People should also drink plenty of water, even if they don’t feel thirsty, Public Health said. Avoid beverages containing alcohol or caffeine, wear lightweight, light-colored clothing, and take cool showers and baths.
People should also be sure to check on their neighbors, especially elderly people and people with special needs living alone.
Children and pets should not be alone in parked vehicles.
“Once the temperature reaches 90 degrees, you should not leave your animals in the car with the windows rolled up because the internal temperature of the car is higher than it is outside,” said Patricia Sherman, founder of Animal Friends Connection.
Sherman encourages pet owners to keep their animals inside the house. But for owners who are unable to do so, she recommends leaving multiple water bowls outdoors, away from the sun and in places where they will not tip over.
“I will dig a hole and put a large bucket of water in there so it does not tip,” she said.
She also suggested dog owners walk their dogs in the morning — right before the sun comes up — or in the evening after the sun goes down because the heat of the cement can burn the dog’s paws, pulling the skin off.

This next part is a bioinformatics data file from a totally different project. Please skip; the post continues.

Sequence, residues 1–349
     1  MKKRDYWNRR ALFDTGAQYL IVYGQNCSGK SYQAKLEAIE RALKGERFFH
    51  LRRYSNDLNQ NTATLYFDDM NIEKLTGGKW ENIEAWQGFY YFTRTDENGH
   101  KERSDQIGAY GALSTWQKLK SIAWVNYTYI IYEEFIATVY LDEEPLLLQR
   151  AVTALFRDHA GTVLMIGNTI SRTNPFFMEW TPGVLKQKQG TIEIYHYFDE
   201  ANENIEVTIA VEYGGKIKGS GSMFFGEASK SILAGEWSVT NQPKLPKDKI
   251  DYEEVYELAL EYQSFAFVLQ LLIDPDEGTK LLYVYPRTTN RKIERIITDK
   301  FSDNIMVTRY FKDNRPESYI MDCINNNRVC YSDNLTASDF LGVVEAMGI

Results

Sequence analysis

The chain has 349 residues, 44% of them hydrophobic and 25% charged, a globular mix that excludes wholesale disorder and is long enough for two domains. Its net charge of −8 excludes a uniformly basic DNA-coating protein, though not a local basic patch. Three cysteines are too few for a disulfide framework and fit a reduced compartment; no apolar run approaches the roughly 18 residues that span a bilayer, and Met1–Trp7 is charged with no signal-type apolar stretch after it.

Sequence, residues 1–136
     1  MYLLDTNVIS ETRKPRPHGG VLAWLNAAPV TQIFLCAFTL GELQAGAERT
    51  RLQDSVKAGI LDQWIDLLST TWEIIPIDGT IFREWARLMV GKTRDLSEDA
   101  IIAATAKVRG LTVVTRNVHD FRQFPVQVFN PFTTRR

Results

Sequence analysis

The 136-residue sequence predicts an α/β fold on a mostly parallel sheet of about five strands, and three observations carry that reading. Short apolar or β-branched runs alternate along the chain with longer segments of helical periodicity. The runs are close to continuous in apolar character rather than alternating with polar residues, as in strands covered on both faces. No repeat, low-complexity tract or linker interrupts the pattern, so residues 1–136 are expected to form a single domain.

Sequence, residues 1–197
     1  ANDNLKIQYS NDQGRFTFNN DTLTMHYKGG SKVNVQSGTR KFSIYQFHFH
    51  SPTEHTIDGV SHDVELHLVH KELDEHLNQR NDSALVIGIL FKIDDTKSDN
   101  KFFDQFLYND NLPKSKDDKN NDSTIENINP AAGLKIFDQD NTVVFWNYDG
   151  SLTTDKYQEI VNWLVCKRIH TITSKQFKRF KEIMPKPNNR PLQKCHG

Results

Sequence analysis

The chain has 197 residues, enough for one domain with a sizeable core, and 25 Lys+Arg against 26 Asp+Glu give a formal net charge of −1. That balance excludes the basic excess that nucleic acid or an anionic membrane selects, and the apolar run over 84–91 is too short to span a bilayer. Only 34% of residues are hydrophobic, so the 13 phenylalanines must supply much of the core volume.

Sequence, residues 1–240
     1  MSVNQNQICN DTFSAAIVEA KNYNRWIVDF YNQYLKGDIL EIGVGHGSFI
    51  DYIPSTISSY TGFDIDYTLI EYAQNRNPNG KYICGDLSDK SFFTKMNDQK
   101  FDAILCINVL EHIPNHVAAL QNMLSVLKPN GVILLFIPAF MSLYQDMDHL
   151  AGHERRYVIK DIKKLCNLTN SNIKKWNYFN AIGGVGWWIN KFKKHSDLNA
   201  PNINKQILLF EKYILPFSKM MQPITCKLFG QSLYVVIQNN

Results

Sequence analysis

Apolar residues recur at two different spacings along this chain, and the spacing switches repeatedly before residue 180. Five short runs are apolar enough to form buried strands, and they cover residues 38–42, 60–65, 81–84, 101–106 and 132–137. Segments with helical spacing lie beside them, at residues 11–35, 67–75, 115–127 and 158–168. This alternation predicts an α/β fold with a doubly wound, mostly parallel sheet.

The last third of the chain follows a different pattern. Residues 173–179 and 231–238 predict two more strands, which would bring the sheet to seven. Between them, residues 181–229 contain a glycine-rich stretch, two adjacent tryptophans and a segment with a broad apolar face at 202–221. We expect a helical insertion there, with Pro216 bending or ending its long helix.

Once temperatures reach the 90s, pet owners should not put their dogs in truck beds because the metal is hotter than the cement or blacktop, she added.
“People also need to remember to put sunscreen on their animals, and to put a life vest on them if they are going to take them to the lake — or any body of moving water — because (animals) drown, too,” she said.
As people eye Lodi Lake to escape the heat, they are reminded to be aware of water advisories.
“We have cautioned against using kayaks on the lake (near the river), due to the water levels being so high,” city spokesman Jeff Hood said. “As the East Bay Municipal Utility District releases water into the lake from the Camanche Dam, the water moves pretty rapidly, and it’s just not safe.”
Although water levels are high, people are able to use the boat launch and sail their boats on the lake, Hood said.
The swimming areas of Lodi Lake and the wading pool are open from Wednesday to Sunday from noon to 6 p.m. for people interested in swimming at the lake.
“It has been five years since we had closed the beach due to the bacteria count. We have reduced the impact of geese on the beach, and we regularly check the water to ensure its quality is exceeding health standards,” Hood said.
The Pool at Hutchins Street Square will also be open for public swim from 5 to 7 p.m. on Monday, Wednesday and Friday, with lap swim available from 7 to 7:55 a.m.
Blakely Park’s Enze Pool will also be open for a stroke and turn development clinic from Monday to Thursday from 2 to 2:45 p.m. and a master swim class from 2:45 to 3:45 p.m. Blakely Park will also increase its shade with permanent shade structures that will be added later this month.